by Cydney Posner
Are companies starting to take pay for performance more seriously? That’s the conclusion drawn in this article from CFO.com that reports on a study by comp consultant Aon Hewitt. While the trend has been prominently discussed for several years, “the depth of that trend may have been overblown.” It’s not that companies have only been paying lip service to the concept, but 2014 may prove to be the tipping point: “It’s 2014 that is proving to be the year when pay for performance is settling in once and for all as an overriding theme in executive pay….” An Aon consultant suggests that the impetus may have been the “increasing, heavy pressure from activist shareholders and shareholder advisory firms. They’re saying, ‘If you’re paying at the 75th percentile within a peer group or industry, you ought to be around that neighborhood of performance.’ ”
The article observes that “[m]ore compensation committees are asking for that kind of analysis for year-end reviews of compensation vs. performance on goals. More audit committees are focusing on executive pay as part of their risk-assessment function. And from a more outwardly visible standpoint, companies are going to greater lengths than ever to make the case for their pay plans in their annual proxy statements. ‘[CD&A] is moving from a compliance document, checking off all the boxes for the information you have to provide, to a real sales document that tries to provide a full context for the executive-compensation program’ [according to the Aon consultant]. ”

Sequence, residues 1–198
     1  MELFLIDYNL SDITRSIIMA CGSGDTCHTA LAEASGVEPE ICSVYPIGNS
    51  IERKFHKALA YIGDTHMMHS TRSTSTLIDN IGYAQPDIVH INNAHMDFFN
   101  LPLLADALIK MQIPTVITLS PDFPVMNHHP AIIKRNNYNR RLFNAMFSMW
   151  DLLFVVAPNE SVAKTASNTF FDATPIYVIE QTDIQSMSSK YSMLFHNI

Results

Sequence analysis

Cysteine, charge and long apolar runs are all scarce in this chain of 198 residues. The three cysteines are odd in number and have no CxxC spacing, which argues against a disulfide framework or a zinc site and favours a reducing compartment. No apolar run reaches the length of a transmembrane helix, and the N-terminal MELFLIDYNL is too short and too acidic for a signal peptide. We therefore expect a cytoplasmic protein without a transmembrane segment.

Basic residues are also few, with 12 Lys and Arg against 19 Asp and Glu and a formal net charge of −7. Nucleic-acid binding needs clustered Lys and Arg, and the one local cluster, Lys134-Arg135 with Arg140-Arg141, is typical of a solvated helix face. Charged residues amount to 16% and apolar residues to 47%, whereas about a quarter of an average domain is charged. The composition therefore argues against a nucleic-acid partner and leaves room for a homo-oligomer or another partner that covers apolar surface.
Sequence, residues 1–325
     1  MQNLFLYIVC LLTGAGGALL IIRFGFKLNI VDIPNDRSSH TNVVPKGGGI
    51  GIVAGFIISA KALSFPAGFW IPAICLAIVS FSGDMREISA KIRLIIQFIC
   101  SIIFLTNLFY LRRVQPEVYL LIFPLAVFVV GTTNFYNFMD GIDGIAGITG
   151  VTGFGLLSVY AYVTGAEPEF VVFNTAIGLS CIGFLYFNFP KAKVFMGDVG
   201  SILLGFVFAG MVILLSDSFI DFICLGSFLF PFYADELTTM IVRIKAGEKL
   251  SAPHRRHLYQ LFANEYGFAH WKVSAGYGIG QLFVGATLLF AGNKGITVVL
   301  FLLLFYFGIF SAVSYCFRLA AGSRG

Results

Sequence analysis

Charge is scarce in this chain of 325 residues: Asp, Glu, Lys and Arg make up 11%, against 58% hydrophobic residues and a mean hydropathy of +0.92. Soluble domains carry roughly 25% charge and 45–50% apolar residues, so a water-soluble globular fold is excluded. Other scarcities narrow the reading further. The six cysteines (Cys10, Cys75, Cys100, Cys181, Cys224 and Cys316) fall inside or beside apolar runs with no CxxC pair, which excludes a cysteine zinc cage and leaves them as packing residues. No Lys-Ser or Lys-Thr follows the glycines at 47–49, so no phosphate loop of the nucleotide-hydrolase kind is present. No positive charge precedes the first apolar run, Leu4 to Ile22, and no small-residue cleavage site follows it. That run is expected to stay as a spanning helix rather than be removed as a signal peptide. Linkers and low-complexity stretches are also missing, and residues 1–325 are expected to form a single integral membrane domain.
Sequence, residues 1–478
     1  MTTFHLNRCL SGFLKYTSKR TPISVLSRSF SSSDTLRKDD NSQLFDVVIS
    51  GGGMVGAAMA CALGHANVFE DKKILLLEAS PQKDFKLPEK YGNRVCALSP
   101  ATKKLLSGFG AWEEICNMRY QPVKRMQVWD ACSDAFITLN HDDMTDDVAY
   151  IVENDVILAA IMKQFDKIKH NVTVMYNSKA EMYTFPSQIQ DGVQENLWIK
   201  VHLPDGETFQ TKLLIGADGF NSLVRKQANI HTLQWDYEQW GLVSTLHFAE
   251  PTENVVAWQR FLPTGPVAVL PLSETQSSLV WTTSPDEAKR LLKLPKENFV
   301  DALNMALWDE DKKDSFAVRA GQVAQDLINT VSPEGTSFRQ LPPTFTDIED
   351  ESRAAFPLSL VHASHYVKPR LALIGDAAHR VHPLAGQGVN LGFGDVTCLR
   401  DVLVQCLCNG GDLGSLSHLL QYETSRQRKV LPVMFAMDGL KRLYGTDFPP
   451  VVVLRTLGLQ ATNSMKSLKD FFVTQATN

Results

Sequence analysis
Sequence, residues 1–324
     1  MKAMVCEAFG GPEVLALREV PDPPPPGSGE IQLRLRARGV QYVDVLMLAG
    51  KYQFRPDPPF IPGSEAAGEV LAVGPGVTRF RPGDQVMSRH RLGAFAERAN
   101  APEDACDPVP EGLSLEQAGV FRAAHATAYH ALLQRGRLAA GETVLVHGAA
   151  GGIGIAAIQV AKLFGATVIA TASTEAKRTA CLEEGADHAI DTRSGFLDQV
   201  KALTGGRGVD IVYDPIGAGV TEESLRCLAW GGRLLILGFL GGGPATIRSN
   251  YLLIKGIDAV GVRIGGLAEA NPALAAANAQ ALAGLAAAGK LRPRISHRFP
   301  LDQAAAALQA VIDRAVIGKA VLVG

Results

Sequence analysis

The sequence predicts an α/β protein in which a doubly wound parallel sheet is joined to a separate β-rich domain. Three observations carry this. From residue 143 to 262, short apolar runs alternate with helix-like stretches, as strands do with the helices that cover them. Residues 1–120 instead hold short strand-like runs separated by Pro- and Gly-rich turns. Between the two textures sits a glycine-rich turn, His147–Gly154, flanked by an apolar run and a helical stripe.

Aon Hewitt surveyed one executive and one director from each of 294 participating companies. The top comp issue identified by both groups was pay competitiveness. (Of course, pay competitiveness is determined largely by benchmarking, a technique that many suggest has been used to ratchet up executive compensation as executives were being paid at levels that matched or exceeded executives at peer group companies.) Pay for performance was the second most important issue for directors, while, “for executives, incentive payout opportunities and performance goal setting were the second- and third-greatest concerns.” Apparently, executives in the survey expressed concerns that they were being asked to do more for less. The article reports that companies are increasingly awarding forms of equity that include performance criteria. In addition, thresholds for short-term incentives have also been rising. In the past, short-term incentive payouts were triggered upon the achievement of 85% of a performance target, but now more companies are raising the threshold to 90% or 95%: according to the consultant at Aon, “’Think about the target going up every year…. ‘It’s, ‘We expect you to grow the business 8%, and we’re also tightening the band under which you get an incentive payout.’ That’s a clear emphasis on pay for performance.’’ Moreover, the emphasis has shifted away from short-term incentives toward long-term incentives, now typically representing 60% to 65% of pay, the theory being that long-term incentives motivate executives to focus their efforts on positioning the company for long-term success.